Members of the platoon allegedly filmed an incident of sexual assault against another soldier and sang anti-Semitic songs. Later more allegations emerged of sexual and racial abuse in the platoon, including soldiers singing a song to mark Adolf Hitler’s birthday on 20 April this year.

It turned out that German media report that far-right abuses among the Lithuania-based troops had already surfaced last year. In one case, a soldier allegedly racially abused a non-white fellow soldier. In another case, four German soldiers smoking outside a Lithuanian barracks made animal noises when a black soldier walked past.

Lithuania’s Defence Minister Arvydas Anušauskas said later that the investigation was carried out by Germany and that Lithuania was not privy to its details. The more so, Lithuania is not privy to its details even now. “We are not being informed about the details of the investigation. […] The Lithuanian military is not involved in the investigation, nor can it be,” Anušauskas told reporters, stressing that Germany was in charge of the matter.

Ms Kramp-Karrenbauer, German defence minister, said that these misdeeds would be severely prosecuted and punished. Time has passed, and the details are not still known.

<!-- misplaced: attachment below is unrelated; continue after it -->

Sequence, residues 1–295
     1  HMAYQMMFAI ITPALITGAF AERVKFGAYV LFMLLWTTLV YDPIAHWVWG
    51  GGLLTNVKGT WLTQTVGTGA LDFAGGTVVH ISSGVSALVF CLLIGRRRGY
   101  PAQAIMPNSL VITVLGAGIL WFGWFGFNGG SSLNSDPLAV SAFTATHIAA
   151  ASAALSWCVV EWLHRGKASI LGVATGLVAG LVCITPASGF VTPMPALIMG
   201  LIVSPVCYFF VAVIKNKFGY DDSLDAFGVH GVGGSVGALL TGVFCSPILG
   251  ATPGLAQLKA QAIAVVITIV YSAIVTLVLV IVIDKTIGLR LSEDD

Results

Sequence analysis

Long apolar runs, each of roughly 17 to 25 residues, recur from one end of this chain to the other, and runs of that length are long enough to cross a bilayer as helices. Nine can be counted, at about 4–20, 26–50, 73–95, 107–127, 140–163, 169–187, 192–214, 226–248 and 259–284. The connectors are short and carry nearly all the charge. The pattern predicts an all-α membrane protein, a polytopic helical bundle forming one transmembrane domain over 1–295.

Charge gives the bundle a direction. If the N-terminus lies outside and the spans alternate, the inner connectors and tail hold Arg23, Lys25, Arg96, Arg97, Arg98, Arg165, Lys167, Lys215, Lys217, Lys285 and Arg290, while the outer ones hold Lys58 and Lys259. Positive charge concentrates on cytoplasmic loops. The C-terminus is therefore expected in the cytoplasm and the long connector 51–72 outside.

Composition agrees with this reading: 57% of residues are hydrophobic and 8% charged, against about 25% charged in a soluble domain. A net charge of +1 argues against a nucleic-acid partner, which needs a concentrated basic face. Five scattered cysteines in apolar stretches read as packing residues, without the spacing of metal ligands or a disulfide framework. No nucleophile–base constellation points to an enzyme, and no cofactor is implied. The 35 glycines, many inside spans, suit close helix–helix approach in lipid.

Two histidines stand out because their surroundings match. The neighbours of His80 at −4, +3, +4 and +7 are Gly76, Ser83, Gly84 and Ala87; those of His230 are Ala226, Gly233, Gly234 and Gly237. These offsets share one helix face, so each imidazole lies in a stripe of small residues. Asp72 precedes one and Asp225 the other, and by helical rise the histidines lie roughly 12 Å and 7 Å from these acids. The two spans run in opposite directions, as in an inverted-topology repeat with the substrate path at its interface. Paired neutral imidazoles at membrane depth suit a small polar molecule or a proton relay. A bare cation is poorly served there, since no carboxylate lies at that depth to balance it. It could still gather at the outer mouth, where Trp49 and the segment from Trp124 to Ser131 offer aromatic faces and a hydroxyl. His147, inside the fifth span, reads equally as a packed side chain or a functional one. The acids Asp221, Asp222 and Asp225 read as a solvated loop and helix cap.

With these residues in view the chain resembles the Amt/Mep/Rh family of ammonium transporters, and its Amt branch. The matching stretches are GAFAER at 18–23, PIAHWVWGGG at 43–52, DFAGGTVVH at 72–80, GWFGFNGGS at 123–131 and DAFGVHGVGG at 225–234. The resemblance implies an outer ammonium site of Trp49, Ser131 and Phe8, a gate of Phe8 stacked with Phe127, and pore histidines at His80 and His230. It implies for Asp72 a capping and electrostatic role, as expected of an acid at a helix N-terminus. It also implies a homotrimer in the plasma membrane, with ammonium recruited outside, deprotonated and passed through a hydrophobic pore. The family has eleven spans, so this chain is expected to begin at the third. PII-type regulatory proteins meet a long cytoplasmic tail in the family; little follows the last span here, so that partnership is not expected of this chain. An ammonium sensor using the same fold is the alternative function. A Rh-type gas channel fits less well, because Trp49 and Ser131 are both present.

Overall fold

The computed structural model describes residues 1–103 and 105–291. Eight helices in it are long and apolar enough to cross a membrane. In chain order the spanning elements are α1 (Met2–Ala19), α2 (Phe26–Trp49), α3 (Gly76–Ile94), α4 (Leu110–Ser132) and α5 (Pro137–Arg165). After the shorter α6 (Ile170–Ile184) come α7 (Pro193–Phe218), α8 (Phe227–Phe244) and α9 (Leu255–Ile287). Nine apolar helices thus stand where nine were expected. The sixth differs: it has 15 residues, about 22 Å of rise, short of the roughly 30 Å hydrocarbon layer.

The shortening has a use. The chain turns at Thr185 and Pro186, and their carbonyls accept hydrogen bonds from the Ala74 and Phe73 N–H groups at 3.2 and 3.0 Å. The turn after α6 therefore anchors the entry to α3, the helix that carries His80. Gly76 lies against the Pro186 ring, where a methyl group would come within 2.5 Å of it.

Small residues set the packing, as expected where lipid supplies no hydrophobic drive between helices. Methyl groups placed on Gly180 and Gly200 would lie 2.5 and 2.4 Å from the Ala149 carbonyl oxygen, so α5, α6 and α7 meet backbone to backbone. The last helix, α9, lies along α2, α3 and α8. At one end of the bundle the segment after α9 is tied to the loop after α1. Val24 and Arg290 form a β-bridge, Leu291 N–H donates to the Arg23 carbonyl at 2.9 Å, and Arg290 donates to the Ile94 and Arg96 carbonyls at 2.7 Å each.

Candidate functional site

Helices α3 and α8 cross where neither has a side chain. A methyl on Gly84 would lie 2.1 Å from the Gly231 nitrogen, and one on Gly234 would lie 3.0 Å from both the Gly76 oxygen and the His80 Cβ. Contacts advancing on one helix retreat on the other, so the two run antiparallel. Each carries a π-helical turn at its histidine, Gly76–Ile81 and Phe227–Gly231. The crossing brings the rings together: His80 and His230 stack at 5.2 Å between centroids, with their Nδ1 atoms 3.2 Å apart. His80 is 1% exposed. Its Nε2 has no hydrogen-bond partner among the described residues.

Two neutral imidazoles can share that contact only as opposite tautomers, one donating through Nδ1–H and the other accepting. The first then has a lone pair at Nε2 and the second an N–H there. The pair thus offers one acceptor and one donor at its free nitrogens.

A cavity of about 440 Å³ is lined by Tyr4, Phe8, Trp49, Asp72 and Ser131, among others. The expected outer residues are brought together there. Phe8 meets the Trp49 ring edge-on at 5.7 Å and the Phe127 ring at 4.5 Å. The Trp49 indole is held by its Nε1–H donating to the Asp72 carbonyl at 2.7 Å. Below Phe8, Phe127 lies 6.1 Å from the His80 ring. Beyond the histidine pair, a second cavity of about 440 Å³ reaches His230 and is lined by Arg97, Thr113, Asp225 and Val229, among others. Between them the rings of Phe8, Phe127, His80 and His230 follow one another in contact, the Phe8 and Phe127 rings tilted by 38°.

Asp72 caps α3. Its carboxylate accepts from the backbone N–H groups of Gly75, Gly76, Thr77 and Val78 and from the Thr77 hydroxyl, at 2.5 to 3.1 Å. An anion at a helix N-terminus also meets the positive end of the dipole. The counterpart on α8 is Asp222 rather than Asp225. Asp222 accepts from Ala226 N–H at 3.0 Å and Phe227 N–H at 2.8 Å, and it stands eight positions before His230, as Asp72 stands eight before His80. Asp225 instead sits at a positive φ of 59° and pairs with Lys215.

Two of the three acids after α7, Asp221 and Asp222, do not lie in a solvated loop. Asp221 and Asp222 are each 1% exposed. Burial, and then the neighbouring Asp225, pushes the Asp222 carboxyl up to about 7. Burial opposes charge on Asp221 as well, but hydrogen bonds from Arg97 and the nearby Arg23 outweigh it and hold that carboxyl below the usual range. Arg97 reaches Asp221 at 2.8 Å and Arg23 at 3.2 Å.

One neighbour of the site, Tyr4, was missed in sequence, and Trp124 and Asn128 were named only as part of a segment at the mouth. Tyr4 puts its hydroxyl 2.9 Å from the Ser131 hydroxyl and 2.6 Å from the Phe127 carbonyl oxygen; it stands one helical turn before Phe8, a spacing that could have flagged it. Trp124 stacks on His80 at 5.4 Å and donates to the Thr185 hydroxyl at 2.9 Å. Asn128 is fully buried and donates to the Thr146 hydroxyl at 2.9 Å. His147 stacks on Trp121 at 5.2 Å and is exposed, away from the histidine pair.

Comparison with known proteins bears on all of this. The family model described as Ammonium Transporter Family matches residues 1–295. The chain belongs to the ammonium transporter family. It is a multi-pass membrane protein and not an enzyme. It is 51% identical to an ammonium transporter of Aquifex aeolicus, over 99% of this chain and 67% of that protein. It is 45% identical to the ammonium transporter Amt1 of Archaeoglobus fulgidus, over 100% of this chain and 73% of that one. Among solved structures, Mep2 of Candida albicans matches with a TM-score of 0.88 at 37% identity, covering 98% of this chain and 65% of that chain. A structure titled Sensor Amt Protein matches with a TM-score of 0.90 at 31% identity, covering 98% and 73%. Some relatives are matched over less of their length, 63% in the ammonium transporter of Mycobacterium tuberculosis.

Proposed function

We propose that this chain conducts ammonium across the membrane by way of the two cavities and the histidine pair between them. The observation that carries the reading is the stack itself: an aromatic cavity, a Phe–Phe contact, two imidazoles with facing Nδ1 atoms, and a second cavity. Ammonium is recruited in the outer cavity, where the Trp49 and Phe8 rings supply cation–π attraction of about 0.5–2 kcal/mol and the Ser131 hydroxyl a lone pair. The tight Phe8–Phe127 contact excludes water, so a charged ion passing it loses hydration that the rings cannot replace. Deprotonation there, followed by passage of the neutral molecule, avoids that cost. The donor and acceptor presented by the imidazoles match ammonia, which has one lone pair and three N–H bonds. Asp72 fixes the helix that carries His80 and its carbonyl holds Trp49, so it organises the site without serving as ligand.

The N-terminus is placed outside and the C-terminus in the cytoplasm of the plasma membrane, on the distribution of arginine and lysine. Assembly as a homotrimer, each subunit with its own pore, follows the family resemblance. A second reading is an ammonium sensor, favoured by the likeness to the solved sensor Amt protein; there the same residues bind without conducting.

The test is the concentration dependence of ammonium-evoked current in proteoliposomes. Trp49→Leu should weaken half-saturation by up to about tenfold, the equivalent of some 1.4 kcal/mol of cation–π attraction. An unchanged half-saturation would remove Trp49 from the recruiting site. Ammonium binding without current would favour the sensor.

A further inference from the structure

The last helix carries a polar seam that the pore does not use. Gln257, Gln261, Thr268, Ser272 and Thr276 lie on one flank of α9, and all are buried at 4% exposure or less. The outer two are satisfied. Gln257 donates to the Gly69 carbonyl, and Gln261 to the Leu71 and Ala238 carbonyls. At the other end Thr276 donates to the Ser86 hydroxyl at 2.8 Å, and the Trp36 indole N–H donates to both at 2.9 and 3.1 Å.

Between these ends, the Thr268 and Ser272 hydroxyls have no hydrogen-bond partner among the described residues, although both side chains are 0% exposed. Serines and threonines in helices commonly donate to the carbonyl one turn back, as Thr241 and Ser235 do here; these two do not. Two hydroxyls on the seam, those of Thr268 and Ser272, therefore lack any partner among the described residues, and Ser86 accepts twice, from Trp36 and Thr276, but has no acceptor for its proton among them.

It should be said Germany has for years struggled to modernize its military as it becomes more involved in Nato operations. Nevertheless problems existed and have not been solved yet. According to the annual report on the state of the Bundeswehr made in 2020 by Hans-Peter Bartel, then armed forces commissioner for the German Bundestag, Germany’s army “has too little materiel, too few personnel and too much bureaucracy despite a big budget increase.” Mr Bartels’ report made clear that the Bundeswehr continues to be plagued by deep-seated problems. Recruitment remains a key problem. Mr Bartels said 20,000 army posts remained unfilled, and last year the number of newly recruited soldiers stood at just over 20,000, 3,000 fewer than in 2017. The other problem is radicalization of the armed forces.